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Oct 8, 2018

DealBook Briefing: The China Trade War Could Decimate Deal-Making I Business I DealBook I NYT



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Qualcomm’s bid for NXP was effectively killed by Chinese regulators.CreditCreditKim Kyung Hoon/Reuters

The trade fight between the U.S. and China is showing little sign of ending: China’s foreign minister warned Secretary of State Mike Pompeo this morning that the U.S. should “stop such misguided activities.” But with Beijing running out of ways to fight back, it may open a new front that could decimate corporate America’s deal-making.
The Chinese government could hold up or kill takeovers that require its approval, as happened when Qualcomm tried to acquire NXP Semiconductors. But more deals now risk suffering that fate — including Walt Disney’s purchase of 21st Century Fox and United Technologies’ acquisition of Rockwell Collins. (Deal-makers already said they were worried about the trade war.)
The strategy has risks. Alex Stevenson of the NYT notes that if China is seen as increasingly inhospitable to business, its already struggling economy could suffer more. (Beijing announced yesterday that it was injecting $175 billion into the economy to help prop it up.)
As Fred Hu, the chairman of the investment firm Primavera Capital Group, told the NYT, “China is trying to cultivate ties with” American business giants. It may not be able to have it both ways.
More China news: Chinese stocks fell, even after the economic intervention. David Einhorn of Greenlight Capital told investors that he dumped his stake in Apple over trade fears.
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Reid HoffmanCreditDrew Angerer/Getty Images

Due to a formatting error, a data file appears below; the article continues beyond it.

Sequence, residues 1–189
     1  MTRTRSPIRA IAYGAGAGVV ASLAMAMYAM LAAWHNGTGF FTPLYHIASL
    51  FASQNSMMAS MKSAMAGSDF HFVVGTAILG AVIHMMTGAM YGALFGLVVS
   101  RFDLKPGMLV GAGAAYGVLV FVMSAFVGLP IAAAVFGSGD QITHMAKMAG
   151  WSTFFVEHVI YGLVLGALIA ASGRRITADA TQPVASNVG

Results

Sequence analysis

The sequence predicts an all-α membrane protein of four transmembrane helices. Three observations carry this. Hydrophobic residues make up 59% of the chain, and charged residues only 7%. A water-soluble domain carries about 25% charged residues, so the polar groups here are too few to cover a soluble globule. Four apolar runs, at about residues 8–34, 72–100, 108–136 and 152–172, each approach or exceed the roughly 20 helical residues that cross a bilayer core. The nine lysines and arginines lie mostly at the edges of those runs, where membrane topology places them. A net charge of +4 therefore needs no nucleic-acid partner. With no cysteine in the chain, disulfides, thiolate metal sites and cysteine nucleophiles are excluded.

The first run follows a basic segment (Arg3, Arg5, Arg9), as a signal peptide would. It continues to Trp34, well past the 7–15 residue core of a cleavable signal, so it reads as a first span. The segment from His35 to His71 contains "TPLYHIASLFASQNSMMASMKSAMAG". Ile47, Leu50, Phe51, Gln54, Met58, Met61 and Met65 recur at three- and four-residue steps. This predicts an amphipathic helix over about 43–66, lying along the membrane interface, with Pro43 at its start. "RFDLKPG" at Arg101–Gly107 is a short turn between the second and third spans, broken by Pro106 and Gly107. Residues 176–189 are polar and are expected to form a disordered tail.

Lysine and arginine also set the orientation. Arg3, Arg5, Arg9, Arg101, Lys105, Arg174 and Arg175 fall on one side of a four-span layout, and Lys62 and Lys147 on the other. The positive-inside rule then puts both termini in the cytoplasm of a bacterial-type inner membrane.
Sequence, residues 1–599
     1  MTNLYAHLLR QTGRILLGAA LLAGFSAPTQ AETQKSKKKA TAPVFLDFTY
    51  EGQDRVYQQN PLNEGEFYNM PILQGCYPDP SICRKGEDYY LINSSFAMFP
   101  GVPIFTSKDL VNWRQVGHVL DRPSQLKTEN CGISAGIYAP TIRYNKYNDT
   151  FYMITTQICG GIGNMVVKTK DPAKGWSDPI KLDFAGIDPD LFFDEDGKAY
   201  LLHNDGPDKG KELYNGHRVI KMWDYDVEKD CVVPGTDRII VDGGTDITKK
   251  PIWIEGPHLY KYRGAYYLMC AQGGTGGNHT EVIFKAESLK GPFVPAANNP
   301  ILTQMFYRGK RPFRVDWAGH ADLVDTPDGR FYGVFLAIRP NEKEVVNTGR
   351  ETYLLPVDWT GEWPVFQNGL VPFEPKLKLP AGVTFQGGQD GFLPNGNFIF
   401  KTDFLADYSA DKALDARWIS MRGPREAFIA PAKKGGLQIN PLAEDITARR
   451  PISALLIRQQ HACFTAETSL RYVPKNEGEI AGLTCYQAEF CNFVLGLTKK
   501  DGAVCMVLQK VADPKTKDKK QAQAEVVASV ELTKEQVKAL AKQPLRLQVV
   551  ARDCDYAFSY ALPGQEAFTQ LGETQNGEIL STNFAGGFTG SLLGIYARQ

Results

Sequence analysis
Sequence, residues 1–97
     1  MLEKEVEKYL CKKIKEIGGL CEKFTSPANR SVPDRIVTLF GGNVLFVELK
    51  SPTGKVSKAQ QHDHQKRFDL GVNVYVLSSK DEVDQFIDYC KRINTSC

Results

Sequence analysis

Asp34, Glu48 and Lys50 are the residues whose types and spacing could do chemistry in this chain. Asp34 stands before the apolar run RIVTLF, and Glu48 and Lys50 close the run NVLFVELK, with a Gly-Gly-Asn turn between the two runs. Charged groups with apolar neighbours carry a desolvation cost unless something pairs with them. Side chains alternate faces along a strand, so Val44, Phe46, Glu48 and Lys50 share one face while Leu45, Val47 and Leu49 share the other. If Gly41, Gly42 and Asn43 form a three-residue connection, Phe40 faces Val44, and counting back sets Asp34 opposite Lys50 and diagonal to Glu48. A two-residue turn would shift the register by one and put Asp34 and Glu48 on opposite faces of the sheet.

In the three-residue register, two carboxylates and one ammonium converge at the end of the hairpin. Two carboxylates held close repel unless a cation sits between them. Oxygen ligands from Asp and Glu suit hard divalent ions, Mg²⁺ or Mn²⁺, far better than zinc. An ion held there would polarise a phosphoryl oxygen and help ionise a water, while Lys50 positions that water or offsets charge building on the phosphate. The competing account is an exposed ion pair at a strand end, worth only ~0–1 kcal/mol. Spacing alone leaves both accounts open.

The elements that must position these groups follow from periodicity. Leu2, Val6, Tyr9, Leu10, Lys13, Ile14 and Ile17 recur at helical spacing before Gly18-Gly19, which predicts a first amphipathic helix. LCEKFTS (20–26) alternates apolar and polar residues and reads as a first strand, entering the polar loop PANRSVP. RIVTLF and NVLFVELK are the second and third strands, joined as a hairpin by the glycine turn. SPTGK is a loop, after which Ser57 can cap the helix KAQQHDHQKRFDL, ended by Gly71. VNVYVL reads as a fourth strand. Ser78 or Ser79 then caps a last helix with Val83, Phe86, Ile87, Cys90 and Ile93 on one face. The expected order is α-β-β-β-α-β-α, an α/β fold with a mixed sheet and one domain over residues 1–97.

As calls to break up social media companies like Facebook grow, the entrepreneur and investor writes (on LinkedIn, the social network he co-founded) that the matter isn’t cut-and-dried:
It’s not Facebook’s size that caused the issues. Size makes a platform attractive to hackers, but it also gives that platform more resources to defend itself. If there were, say, five smaller social networks in place of Facebook, that would probably make the situation far worse, because each would be more vulnerable to attack, and when serious problems arose, it would be harder to track down the bad behavior and figure out how to thwart it.
Instead, he argues that there’s a bigger problem: “We haven’t agreed on a set of goals for how social media should impact civil society.” Before we rush to tear up Facebook, he writes, we should work out if social media can be changed to improve society — as happened to newspapers, radio and TV — by demanding more from the companies.
Mr. Hoffman concedes, though, that his approach would mean “a long and never-ending process.”
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William Nordhaus, left, and Paul Romer.CreditNiklas Elmehed
The American economists William Nordhaus and Paul Romer won the Nobel in economic science this morning. More from Binyamin Appelbaum of the NYT:
Mr. Nordhaus was cited for his work on the implications of environmental factors, including climate change. Mr. Romer was cited for his work on the importance of technological change.
The economist Justin Wolfers tweeted that both men, long favored to win the Nobel someday, have studied contradictions at the heart of capitalism:
It’s all about market failure. Left alone, markets will generate too much pollution (Nordhaus) and too few ideas (Romer).